Dates are one of those annoying things that shouldn’t be, but are regularly difficult in web apps. I used the following two methods in a recent page to neatly break a date range into distinct segments as part of a analytics app I’m currently working on. Hopefully someone else will find them helpful.
import datetime, calendar # Find the delta between two dates based on a desired number of ranges def datedelta(startdate, enddate, no_of_ranges): start_epoch = calendar.timegm(startdate.timetuple()) end_epoch = calendar.timegm(enddate.timetuple()) date_diff = end_epoch - start_epoch step = date_diff / no_of_ranges return datetime.timedelta(seconds=step)
date_delta allows me to create the timedeltas between two dates based on a desired number of segments.
# Edit 18/07/2014 - I realised dates needed the hrs, mins an secs correctly # adjusted to beginning / end of day def datespan(startdate, enddate, delta=datetime.timedelta(days=1)): currentdate = startdate while currentdate + delta < enddate: todate = (currentdate + delta).replace(hour=23, minute=59,second=59) yield currentdate, todate currentdate += delta currentdate.replace(hour=0, minute=0,second=0)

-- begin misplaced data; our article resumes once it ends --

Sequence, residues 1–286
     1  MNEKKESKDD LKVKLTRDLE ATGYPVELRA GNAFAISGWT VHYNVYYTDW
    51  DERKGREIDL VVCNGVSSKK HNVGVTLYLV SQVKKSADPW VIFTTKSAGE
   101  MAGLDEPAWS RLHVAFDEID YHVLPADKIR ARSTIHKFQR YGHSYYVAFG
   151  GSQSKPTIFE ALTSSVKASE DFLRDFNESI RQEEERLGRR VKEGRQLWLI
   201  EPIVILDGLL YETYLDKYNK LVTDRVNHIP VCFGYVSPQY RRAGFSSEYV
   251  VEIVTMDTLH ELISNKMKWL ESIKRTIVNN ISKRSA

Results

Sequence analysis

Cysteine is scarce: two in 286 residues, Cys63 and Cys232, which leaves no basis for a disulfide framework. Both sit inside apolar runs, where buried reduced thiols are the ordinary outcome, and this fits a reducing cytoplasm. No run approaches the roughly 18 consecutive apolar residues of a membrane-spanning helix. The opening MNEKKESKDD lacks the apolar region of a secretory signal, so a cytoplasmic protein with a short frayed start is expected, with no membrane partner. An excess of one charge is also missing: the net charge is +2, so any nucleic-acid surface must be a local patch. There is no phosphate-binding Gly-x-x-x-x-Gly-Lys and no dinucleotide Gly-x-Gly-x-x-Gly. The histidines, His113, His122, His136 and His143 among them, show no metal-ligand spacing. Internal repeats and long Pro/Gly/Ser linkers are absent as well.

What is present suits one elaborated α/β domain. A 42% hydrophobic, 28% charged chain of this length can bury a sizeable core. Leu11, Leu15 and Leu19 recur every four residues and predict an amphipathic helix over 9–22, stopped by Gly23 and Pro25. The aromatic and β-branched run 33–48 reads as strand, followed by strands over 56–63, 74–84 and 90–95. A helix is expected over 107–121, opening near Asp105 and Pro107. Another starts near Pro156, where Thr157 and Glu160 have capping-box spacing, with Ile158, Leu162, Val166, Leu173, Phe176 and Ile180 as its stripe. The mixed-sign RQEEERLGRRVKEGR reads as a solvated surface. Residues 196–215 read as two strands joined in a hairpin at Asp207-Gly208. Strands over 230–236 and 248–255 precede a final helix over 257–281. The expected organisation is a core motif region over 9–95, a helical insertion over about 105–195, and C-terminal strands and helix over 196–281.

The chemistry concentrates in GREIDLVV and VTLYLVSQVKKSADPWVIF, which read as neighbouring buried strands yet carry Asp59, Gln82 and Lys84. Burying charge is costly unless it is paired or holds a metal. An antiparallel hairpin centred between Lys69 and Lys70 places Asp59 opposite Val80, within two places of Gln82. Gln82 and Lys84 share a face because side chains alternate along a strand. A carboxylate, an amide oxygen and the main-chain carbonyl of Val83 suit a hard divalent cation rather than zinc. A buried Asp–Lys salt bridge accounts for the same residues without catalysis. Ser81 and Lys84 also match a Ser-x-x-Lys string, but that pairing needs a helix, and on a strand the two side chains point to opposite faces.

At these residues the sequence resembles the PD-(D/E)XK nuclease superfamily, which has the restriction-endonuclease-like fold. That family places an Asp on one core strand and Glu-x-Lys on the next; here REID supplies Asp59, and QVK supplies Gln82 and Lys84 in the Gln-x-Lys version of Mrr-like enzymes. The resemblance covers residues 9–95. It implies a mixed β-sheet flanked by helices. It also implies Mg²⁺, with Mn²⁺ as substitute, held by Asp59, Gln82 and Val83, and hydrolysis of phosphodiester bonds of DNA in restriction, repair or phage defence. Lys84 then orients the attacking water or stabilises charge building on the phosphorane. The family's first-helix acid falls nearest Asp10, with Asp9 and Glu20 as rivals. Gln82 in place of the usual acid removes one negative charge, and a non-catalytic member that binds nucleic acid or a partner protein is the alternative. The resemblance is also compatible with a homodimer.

I can then pass the delta into datespan above, which returns an iterable I can then use.
# Get timedeltas based on splitting the range by 10 delta = date_delta(startdate, enddate, 10) for from_datetime, to_datetime in datespan(startdate, enddate, delta): print from_datetime, to_datetime
The result forms part of the following d3 chart:
Made some updates to that there commerce dashboard (now uses summary ranges on x-axis), what do people think? pic.twitter.com/AatFxBRnsC— Ian Wootten (@iwootten) June 25, 2014